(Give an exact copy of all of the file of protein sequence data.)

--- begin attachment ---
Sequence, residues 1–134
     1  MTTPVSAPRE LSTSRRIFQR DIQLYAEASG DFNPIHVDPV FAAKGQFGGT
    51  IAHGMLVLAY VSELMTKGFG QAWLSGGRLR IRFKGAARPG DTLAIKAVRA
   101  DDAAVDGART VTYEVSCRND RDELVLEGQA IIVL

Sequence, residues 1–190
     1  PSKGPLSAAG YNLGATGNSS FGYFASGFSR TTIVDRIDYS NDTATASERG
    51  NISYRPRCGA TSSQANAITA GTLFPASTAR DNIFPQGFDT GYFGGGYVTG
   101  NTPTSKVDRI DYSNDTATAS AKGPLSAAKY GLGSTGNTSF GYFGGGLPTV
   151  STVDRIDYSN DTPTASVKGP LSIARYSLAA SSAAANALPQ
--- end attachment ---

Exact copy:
Sequence, residues 1–134
     1  MTTPVSAPRE LSTSRRIFQR DIQLYAEASG DFNPIHVDPV FAAKGQFGGT
    51  IAHGMLVLAY VSELMTKGFG QAWLSGGRLR IRFKGAARPG DTLAIKAVRA
   101  DDAAVDGART VTYEVSCRND RDELVLEGQA IIVL

Sequence, residues 1–190
     1  PSKGPLSAAG YNLGATGNSS FGYFASGFSR TTIVDRIDYS NDTATASERG
    51  NISYRPRCGA TSSQANAITA GTLFPASTAR DNIFPQGFDT GYFGGGYVTG
   101  NTPTSKVDRI DYSNDTATAS AKGPLSAAKY GLGSTGNTSF GYFGGGLPTV
   151  STVDRIDYSN DTPTASVKGP LSIARYSLAA SSAAANALPQ